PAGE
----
GEOFFREY CROWTHER, editor of The Economist from 1938 to 1956, used to advise young journalists to “simplify, then exaggerate”. He might have changed his advice if he had lived to witness the current debate on globalisation. There is a lively discussion about whether it is good or bad. But everybody seems to agree that globalisation is a fait accompli: that the world is flat, if you are a (Tom) Friedmanite, or that the world is run by a handful of global corporations, if you are a (Naomi) Kleinian.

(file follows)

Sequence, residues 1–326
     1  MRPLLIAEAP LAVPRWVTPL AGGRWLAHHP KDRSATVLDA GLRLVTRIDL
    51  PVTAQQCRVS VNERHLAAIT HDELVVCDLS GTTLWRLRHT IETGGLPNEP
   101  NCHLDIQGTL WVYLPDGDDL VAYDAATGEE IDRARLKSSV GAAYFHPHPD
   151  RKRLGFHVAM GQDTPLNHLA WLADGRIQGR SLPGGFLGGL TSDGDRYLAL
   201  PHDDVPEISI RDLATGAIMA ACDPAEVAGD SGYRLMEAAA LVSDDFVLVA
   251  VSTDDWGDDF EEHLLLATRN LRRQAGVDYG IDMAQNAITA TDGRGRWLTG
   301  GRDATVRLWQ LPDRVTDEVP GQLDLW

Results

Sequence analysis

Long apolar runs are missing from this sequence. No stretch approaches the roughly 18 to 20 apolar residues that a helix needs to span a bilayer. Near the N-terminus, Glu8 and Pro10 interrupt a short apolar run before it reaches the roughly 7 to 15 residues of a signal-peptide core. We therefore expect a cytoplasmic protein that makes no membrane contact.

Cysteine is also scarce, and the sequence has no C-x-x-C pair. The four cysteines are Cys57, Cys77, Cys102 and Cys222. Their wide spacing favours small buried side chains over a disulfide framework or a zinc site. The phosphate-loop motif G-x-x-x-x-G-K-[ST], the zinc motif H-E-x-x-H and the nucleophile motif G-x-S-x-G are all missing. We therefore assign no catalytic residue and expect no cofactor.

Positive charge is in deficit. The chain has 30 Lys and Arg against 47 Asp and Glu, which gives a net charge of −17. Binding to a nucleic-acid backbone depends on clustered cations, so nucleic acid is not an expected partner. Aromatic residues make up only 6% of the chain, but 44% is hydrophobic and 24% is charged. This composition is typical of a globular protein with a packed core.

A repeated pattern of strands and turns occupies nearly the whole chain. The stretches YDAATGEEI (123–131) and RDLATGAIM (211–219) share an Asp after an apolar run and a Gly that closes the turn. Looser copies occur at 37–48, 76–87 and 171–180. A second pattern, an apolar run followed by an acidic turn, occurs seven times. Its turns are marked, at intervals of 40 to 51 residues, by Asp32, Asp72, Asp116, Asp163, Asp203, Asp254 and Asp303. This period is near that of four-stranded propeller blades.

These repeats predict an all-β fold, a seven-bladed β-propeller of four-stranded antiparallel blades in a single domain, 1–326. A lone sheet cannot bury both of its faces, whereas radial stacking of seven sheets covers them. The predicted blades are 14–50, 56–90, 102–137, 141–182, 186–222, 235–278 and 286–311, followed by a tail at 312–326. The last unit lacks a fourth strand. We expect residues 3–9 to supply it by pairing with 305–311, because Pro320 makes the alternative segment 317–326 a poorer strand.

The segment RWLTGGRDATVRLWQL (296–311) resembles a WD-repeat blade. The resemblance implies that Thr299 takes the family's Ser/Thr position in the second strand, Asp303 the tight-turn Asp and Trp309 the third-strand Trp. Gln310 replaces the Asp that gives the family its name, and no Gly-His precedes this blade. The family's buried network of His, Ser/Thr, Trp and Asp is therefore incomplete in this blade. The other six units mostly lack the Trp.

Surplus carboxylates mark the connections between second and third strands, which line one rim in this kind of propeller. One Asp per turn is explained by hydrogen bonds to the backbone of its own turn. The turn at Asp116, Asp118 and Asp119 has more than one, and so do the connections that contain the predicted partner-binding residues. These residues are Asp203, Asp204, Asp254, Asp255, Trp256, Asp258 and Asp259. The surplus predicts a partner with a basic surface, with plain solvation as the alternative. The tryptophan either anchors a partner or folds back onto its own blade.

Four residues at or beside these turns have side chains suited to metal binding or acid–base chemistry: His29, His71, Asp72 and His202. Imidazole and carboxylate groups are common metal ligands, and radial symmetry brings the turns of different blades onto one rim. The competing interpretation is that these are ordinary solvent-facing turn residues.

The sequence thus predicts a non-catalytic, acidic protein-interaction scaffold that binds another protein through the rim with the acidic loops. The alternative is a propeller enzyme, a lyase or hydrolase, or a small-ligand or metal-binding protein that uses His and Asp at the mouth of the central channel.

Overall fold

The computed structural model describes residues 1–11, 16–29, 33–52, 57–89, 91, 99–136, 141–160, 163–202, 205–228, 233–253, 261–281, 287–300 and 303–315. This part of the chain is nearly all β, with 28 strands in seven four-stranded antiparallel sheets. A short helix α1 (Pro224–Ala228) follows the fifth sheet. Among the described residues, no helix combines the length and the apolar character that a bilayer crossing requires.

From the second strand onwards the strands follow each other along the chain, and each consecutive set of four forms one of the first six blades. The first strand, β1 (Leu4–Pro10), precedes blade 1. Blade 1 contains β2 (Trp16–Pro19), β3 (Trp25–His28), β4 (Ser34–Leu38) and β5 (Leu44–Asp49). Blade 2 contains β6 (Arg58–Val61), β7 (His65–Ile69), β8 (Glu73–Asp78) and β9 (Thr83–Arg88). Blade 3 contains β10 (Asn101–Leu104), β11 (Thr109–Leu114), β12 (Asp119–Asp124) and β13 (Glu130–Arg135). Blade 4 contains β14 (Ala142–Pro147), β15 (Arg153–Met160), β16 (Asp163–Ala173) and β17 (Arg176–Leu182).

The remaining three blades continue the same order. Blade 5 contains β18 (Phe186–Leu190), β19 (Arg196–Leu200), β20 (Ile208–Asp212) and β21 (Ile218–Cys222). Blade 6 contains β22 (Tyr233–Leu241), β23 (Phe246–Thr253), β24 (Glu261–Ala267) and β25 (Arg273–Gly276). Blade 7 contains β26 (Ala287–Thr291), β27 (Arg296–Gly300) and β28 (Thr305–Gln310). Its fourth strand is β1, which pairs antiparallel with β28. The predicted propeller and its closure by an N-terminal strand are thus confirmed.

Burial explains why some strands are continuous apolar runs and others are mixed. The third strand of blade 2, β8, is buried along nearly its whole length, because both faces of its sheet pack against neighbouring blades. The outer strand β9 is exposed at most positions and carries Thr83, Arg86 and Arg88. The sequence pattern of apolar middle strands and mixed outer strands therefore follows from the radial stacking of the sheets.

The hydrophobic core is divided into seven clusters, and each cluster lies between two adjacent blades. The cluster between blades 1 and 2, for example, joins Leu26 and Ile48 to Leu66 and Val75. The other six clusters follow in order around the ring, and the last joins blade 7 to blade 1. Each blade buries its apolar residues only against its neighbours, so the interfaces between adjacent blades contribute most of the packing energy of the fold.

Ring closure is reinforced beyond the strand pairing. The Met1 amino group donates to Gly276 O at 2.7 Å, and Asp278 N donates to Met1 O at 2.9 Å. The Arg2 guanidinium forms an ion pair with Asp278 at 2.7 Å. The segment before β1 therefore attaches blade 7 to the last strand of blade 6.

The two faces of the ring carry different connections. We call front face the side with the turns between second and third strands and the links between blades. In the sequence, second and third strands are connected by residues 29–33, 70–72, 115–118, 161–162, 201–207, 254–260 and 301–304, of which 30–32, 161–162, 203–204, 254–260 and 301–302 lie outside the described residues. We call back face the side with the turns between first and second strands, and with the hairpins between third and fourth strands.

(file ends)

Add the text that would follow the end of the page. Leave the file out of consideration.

Pankaj Ghemawat of IESE Business School in Spain is one of the few who has kept his head on the subject. For more than a decade he has subjected the simplifiers and exaggerators to a barrage of statistics. He has now set out his case—that we live in an era of semi-globalisation at most—in a single volume, “World 3.0”, that should be read by anyone who wants to understand the most important economic development of our time. Continue reading